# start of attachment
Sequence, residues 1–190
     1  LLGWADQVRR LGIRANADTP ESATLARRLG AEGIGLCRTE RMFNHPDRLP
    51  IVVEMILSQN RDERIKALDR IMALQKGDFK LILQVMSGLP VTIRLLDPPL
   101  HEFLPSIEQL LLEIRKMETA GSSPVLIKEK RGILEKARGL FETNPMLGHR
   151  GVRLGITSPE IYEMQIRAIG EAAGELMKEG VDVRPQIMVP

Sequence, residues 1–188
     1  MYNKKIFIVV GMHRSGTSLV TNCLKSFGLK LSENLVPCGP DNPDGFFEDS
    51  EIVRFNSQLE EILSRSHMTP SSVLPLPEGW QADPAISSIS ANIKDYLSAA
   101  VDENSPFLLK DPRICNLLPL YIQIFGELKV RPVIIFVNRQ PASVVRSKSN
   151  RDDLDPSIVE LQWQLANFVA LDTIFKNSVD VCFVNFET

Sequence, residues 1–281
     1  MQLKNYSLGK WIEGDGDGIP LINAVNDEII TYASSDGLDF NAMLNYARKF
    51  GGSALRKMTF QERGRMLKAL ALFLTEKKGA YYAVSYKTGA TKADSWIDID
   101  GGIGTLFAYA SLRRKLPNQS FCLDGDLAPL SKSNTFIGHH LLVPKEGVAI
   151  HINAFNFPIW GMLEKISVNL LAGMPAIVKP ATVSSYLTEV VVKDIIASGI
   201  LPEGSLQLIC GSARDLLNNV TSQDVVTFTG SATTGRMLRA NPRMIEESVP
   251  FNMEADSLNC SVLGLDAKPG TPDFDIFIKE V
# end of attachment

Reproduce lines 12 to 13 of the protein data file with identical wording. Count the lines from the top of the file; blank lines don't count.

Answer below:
     1  MQLKNYSLGK WIEGDGDGIP LINAVNDEII TYASSDGLDF NAMLNYARKF
    51  GGSALRKMTF QERGRMLKAL ALFLTEKKGA YYAVSYKTGA TKADSWIDID